Termite Awareness Week is here and the professionals are predicting an early termite season this year for Subterranean termites. “When you think of spring, you probably envision blooming flowers and the return of warmer weather. But in the pest control industry, spring marks the beginning of peak pest season, when most insects are coming out of their winter hiding spots, mating – and in some cases – finding their way into our homes. Unfortunately, one of the most common springtime pests is also one of biggest threats to our homes and properties – termites.
Termites have been around for more than 120 million years. They are social insects and live in colonies that are usually located in the ground or in wood. Termites feed on the cellulose in wood and wood by-products, such as paper. They are estimated to cause $5 billion in property damage every year. What’s worse, this damage is not typically covered by homeowner’s insurance, and – because they tend to remain out of sight – their damage can go unnoticed for many years, until serious issues arise. Therefore, it’s important to understand the life cycle of termites, and the signs that a colony has taken up residence in your home, comments PestWorld.org.
Springtime is typically when termites swarm. Subterranean termites go through a metamorphosis process when they develop wings. A subterranean termite swarmer’s main job is to fly away and start a termite colony somewhere else hence the terminology of swarmers. This is their natural survival instinct that kicks in to continue the existence of the species by starting another termite colony in a different location.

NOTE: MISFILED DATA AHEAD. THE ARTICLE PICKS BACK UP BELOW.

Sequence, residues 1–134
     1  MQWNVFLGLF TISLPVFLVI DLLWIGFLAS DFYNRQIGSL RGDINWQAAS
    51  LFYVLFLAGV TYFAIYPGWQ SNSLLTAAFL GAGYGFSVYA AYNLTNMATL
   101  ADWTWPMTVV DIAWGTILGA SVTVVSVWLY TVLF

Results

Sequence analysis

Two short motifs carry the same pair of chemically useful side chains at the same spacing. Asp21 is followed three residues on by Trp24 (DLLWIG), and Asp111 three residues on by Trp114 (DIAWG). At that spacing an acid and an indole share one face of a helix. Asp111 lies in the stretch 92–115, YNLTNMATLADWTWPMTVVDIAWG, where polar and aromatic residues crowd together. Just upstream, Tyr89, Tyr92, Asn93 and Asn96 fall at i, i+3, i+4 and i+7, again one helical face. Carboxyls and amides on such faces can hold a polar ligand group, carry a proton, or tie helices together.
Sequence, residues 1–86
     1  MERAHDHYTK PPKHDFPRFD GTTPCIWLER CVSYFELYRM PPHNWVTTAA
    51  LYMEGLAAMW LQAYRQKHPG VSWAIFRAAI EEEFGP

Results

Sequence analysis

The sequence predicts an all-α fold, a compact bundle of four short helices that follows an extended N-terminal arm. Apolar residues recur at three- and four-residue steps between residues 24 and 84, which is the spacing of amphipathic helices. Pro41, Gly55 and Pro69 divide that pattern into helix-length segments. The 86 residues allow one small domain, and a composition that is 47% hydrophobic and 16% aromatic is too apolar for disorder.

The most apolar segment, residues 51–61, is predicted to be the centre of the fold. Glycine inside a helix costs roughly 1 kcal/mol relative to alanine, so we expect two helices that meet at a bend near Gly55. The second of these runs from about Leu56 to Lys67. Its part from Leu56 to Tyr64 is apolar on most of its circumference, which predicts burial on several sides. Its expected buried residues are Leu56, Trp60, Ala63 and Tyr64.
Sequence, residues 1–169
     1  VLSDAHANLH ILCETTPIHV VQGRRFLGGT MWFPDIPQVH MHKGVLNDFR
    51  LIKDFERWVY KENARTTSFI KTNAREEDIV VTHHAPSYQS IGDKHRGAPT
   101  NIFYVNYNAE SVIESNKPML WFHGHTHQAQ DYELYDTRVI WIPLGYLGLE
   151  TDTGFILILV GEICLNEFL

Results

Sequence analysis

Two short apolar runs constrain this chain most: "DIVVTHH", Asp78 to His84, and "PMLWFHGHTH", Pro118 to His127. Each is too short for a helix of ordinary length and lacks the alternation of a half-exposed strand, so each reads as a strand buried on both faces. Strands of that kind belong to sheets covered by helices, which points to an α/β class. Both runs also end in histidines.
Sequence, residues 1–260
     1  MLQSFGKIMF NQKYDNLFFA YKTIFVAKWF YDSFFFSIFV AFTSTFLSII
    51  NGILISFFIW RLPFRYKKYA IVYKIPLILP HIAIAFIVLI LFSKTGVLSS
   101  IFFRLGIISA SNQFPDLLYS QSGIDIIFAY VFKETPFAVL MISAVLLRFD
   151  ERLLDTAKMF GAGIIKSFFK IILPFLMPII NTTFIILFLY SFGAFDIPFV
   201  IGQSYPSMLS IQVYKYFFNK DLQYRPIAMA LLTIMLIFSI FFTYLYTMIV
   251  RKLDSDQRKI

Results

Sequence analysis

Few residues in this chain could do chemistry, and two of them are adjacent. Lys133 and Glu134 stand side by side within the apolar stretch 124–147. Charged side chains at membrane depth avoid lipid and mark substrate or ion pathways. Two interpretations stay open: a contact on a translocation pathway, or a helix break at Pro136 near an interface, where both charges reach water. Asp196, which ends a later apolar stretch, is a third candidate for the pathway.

Once the king and queen termite mate, the queen locates another place to set up a new colony and begins to lay her eggs. A termite queen has a long lifespan and can live up to 30 years and lay hundreds to thousands of eggs per day. These eggs can hatch and develop the next immature kings and queens to start the same process over again. These termites are called ‟alates” and they have elongated wings, a straight or thick-waisted body and straight, beaded antennae. The color of the body can be a solid black, to tan or beige depending on the species. The winged termites will fly from the original nest to mate. This ritual is a mating flight and is referred to as ‟swarming.”
Termite swarmers can shed their wings shortly after flight. Swarming termites are confused with ants but can be easily distinguished by two simple traits. Termites do not have the “pinched” waist of ants. The second traits is that termite wings are equal in length, compared to ants that have distinctly longer front wings.
If you find termite swarmers indoors, you probably have an infestation of termites and it needs to be dealt with immediately before they cause any more damage.
Here is an article about the differences between drywood and subterranean termites.
If you have any signs of termites, get an inspection as soon as possible?
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